Burris said the names of Tennis and Lozoya, plus the information regarding Tennis’ past problems, were obtained after the first complaint was filed. He said an investigation by his office turned up the information about Tennis, and the officers’ names were given to his office only after the initial complaint was made public and subsequent requests for the names were made to the department from media outlets.
The attorney said the department has ignored the family’s requests for the police reports and videos of the shooting.
Last week, after the initial complaint was announced by Burris, Heinlein said officers who responded to a 911 call found Mann behaving erratically. He charged the car of the first officer on the scene, had a knife, was “noncompliant,” and turned toward the officers and raised the knife before the officers opened fire, Heinlein said.
The Mann family and Burris provided video last week of the incident that was captured by a civilian bystander from a distance. Burris said Thursday the video shows no knife and no aggression on the part of Joseph Mann.
Heinlein said last week Tennis and Lozoya are 25-year veterans of the force. He said they were put on a three-day paid leave following the shooting and are back on modified duty.
Joseph Mann had a history of mental instability and, when he was reportedly weaving back and forth across the street and doing karate moves as he walked away from officers, that would not have been unusual, said Joseph’s brother, Robert Mann, at Thursday’s news conference. He said his brother developed mental health problems after their mother died in 2011, but he insisted Joseph was never violent.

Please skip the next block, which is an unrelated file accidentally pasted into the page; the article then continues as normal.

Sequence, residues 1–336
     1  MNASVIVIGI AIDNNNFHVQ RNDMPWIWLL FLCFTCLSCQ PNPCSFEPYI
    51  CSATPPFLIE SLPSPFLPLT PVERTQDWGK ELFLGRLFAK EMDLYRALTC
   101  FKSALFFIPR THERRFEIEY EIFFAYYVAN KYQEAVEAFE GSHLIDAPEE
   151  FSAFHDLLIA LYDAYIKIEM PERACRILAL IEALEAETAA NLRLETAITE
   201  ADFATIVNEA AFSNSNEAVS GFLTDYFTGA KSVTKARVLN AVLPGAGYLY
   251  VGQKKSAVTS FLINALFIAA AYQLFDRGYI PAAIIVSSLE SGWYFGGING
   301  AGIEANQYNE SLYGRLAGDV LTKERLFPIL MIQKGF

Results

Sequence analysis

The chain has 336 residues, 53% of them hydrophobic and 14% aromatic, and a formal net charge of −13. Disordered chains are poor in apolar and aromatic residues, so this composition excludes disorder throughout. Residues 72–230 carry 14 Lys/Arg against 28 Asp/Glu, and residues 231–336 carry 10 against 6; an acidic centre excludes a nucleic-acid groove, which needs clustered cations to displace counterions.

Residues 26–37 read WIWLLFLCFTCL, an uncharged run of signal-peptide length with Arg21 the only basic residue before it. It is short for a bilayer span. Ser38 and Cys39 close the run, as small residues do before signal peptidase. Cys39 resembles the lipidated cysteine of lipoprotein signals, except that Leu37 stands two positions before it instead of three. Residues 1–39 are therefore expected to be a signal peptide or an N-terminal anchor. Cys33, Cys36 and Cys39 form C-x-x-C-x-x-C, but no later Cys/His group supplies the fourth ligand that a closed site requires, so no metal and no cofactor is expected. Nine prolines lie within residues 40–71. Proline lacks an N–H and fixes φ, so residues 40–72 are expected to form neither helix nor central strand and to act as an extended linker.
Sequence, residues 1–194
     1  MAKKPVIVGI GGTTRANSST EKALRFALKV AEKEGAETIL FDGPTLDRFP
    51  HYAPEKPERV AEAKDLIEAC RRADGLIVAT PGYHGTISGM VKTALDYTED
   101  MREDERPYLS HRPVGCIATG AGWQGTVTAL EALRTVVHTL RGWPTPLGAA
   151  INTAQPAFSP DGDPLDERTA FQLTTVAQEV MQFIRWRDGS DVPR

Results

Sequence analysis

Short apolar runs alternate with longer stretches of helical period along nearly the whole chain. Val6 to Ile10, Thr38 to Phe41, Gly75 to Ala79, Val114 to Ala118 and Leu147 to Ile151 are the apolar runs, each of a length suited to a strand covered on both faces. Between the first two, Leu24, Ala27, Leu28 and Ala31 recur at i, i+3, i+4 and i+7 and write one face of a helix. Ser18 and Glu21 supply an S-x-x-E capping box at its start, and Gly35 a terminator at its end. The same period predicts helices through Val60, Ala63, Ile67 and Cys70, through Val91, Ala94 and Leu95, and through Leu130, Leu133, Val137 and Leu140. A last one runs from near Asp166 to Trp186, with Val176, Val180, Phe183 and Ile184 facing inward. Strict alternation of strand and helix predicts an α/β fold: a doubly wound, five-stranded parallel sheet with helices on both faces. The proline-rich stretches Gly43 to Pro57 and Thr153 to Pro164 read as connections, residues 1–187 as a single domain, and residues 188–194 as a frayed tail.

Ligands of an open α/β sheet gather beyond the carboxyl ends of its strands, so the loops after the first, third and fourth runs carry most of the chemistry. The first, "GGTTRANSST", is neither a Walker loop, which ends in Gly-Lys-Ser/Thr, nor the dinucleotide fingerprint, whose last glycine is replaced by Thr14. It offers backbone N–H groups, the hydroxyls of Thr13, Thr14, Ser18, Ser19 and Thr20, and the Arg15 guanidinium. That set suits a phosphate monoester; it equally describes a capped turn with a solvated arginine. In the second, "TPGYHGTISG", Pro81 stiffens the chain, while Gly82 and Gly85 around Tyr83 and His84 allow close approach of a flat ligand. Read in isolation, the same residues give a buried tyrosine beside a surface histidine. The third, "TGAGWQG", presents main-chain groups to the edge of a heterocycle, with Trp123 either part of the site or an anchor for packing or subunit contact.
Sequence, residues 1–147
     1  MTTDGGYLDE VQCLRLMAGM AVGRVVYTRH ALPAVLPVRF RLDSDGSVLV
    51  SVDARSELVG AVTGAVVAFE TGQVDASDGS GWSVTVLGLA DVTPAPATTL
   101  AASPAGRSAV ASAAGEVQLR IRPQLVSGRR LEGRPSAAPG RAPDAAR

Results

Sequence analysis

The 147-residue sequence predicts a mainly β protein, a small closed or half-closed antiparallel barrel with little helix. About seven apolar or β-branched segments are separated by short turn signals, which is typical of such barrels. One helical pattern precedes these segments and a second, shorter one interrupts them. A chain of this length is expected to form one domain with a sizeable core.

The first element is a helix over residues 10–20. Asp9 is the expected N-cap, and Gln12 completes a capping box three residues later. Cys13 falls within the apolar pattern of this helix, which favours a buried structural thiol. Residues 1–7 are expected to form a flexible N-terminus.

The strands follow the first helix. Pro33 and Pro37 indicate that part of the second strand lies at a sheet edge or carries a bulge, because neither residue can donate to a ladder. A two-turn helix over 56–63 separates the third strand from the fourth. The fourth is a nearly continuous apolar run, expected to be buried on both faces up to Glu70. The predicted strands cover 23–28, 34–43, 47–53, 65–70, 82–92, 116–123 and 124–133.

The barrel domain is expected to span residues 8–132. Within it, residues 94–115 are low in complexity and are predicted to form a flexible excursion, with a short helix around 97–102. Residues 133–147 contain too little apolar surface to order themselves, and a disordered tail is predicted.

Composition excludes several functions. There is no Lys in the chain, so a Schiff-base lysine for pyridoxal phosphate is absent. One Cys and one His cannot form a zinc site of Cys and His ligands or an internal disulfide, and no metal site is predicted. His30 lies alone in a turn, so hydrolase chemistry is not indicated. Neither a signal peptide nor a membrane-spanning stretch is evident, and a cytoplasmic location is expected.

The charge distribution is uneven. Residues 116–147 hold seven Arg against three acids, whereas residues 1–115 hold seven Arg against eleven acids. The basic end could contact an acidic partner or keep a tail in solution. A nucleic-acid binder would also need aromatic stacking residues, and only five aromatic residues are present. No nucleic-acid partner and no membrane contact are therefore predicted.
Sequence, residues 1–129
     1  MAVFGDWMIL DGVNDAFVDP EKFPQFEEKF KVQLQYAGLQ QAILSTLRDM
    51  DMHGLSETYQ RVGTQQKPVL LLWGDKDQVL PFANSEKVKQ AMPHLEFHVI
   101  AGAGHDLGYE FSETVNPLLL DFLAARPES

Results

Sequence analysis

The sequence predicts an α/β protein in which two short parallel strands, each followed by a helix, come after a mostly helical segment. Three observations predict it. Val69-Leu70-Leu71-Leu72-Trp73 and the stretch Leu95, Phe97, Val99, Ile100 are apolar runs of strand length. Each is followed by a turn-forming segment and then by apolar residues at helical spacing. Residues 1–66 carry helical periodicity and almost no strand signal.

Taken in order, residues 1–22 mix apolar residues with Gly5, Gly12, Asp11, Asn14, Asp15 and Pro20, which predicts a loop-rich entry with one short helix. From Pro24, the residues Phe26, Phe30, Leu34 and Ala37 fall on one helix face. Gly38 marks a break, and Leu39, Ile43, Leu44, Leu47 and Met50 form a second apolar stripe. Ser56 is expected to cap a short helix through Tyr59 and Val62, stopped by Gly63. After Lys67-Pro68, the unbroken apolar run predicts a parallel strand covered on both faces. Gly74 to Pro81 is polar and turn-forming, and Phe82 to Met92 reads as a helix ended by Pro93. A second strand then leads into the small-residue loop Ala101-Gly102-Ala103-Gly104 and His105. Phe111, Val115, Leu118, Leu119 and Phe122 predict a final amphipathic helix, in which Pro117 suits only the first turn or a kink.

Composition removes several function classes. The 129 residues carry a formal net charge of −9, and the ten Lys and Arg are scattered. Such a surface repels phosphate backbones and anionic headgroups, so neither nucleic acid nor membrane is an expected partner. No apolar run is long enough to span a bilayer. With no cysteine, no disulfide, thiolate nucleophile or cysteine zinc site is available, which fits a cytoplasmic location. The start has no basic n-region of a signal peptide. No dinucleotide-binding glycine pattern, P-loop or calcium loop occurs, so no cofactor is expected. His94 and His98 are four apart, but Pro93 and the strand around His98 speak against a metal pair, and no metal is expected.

“How can that be a reason to kill him?” Robert Mann said. “I don’t know legalities, but I know this is wrong.”
He said his deceased brother worked at a Raley’s market for 18 years, and then went to work as a “counselor” at the state Department of Corrections and Rehabilitation.
Joseph Mann’s two sisters also attended the news conference, but did not speak.
According to court papers, El Dorado Superior Court issued a temporary restraining order on May 23, 2012, against Tennis, based on a complaint by his former wife. The order forbid Tennis to carry a firearm or ammunition.
Less than two weeks later, Sam Somers Jr., then deputy chief of operations at the Sacramento Police Department and now its chief, wrote a letter to El Dorado Superior Court Judge Kenneth Melikian, informing the judge that possession of a firearm “is a condition of continued employment” for Tennis.
In the letter, supplied by Burris to reporters Thursday, Somers put the judge on notice that, “should a permanent order be granted, Officer Tennis will need to seek a firearm exemption” under a cited section of family law.
Burris said at the news conference that Melikian, who is a former federal prosecutor, modified the order to allow Tennis to carry a gun on the job but at no other time.
“Foreseeably,” the lawsuit alleges, “on July 11, 2016, when Defendant Tennis was placed in a stressful life or death situation, he acted in a manner consistent with his well-documented history of being violent, aggressive and impulsive.”
Denny Walsh: 916-321-1189